Front Page Titles (by Subject) WILLIAM DUER 1 TO JAY. - The Correspondence and Public Papers of John Jay, vol. 1 (1763-1781)
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WILLIAM DUER 1 TO JAY. - John Jay, The Correspondence and Public Papers of John Jay, vol. 1 (1763-1781) 
The Correspondence and Public Papers of John Jay, ed. Henry P. Johnston, A.M. (New York: G.P. Putnam’s Sons, 1890-93). Vol. 1 (1763-1781).
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WILLIAM DUER1 TO JAY.
[Phila.] May 28th, 1777.
My dear Sir:
You have been undoubtedly surprised at my long silence, but when I assure you what is fact, that my principal reasons for not writing have been want of time, and of satisfactory matter, I flatter myself I shall stand acquitted, (if not with honor) at least as a wilful offender against the laws of friendship.
As General Schuyler expects to deliver this letter in person I shall refer you to him for the particular [intelligence] respecting his own affairs, and for the political complexion of affairs in Congress. From a very low ebb at which our affairs were when we arrived here we have recover’d surprisingly; and I may venture to say that the eyes of all those who are not willfully blind are open, and that we may expect [something] to take place with respect to our State.
I congratulate you on the completion of the task of forming and organizing our new Government. I think it upon the maturest reflection the best system which has as yet been adopted, and possibly as good as the temper of the times would admit of. If it is well administered, and some wise and vigorous laws pass’d at the opening of the [session] for watching, and defeating the machinations of the enemy and their abettors, and for supporting by taxes, and other means the credit of the circulating money, it will be a formidable engine of opposition to the designs of our tyrannical enemies; but I assure you I am not without my fears concerning the choice which will be made of those who are to set the machine in motion.
Our all depends on it. It is very observable that in almost every other State where Government has been formed, and establish’d either from the convention of parties, or from a want of proper power being vested in the executive branches, disaffection has encreased prodigiously, and an unhappy langour has prevailed in the whole political system. I sincerely wish that this may not be the case with us, but that the new Government may continue to act with that spirit, integrity, and wisdom which animated the councils of the old!
In this State [Penn.] toryism, or rather treason, stalks triumphant; the credit of our money is sapp’d by the arts and advances of the malignants, and monopolists (?), and such is the desperate situation of affairs that nothing but desperate remedies can restore these people to reason, and virtue.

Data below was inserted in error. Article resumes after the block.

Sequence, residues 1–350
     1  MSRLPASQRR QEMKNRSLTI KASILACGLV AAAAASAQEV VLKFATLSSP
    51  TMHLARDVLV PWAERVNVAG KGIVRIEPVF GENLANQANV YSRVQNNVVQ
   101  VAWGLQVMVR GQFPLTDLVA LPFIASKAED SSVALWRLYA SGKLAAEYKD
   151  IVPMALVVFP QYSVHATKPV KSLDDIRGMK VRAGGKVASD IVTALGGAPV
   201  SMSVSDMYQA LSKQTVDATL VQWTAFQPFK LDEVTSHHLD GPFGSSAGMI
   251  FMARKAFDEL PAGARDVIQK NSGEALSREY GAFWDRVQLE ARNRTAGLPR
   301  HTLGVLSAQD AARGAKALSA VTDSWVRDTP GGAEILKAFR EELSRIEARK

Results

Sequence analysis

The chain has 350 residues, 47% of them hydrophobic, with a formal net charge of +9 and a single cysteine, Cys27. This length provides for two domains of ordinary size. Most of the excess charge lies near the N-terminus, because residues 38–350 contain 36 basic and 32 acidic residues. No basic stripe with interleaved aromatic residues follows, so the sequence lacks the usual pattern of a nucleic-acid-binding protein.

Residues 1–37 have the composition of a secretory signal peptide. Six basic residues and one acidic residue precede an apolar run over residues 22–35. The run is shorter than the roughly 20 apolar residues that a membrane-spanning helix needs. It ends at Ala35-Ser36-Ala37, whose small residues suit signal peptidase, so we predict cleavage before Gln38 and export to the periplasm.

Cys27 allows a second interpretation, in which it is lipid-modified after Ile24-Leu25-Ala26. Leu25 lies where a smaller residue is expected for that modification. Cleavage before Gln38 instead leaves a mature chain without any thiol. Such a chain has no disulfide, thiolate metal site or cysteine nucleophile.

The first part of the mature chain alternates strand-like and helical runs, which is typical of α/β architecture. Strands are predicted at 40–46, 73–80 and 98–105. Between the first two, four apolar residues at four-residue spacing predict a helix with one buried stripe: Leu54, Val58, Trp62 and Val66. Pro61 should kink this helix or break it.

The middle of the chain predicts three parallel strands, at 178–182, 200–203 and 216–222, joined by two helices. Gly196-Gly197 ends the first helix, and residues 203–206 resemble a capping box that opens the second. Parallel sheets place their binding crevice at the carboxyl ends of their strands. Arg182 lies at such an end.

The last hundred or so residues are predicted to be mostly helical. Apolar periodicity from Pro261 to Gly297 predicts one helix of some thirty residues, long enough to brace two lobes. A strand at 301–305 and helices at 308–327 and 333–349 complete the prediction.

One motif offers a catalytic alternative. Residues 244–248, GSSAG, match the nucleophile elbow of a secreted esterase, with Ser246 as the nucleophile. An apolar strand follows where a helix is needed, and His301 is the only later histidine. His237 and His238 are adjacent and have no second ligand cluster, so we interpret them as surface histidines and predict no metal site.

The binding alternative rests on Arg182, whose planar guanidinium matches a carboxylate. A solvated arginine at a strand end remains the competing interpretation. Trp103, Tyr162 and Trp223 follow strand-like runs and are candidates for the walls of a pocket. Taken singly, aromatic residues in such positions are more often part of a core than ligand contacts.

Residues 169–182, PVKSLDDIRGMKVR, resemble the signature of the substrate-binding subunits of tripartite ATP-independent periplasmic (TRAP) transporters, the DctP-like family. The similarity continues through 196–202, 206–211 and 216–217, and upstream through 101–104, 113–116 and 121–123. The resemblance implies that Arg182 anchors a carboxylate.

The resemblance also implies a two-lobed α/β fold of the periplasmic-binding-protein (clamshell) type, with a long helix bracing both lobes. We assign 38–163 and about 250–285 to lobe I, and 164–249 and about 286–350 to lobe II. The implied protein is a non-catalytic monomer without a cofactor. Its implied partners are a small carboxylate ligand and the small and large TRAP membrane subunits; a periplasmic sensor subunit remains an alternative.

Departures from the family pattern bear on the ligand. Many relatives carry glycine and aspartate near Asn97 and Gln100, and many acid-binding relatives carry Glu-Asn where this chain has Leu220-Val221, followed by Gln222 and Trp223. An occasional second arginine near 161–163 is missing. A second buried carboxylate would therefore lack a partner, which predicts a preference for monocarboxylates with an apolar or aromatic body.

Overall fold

The assembly is now conven’d, but I am afraid will not dare to lay a tax to call in part of the large sums of money circulating in this State, or to pass vigorous laws to crush the disaffected.—All my hope is that the spirit of Whiggism will at length break forth in some of the populace, which (if well directed) may affect by quackery or cure what the regular State physicians, are either not adequate to, or unwilling to attempt.
A spirit of this kind under the name of Joyce has made his appearance in Boston; I should not be surprised if he was to travel Westward. It would be attended with good effects.
What think you of an Episcopalian Clergyman in this City praying last Sunday for the Lords Spiritial and Temporal—or rather what think you of the Congregation which heard him with patience?— If in the midst of your political business you can now and then drop me a line I will esteem it as a favor, and (if not regularly) I will by starts, when there is any thing worth communicating, write to you.
A word in the ear of a friend: When I was sent here I had some idea that I was entring into the temple of public virtue. I am disappointed and chagrined. Genl. Schuyler will communicate my sentiments and his own at large.
Col. Lee will I am credibly inform’d be left out of the next delegation for Virginia which is now in agitation. The mere contemplation of this event gives me pleasure; my mind is full, and I wish to unburthen it, but prudence forbids me.
I condole with you on the loss of your aged mother; or rather should I not congratulate you that she is arrived in a secure and pleasant Haven, from a storm, which she was little calculated to bear? This reflection I believe has alleviated your distress.—May we be as virtuous as your parents should we live to be as old.—From the rapid increase of villainy both moral and political, it is to be fear’d that we shall not increase in virtue, as we may in years—Remember me to all my friends, particularly to my fellow-labourers in the Council of Conspiracy. Adieu and believe me
Yours with much esteem and affection
I have delivered Genl. Schuyler a letter from your friend Mr. Dean in France; I have had it some time by me, but waited a safe mode of conveyance.
[1 ]William Duer, of Charlotte County, lately member of the New York Convention, and now delegate in Congress.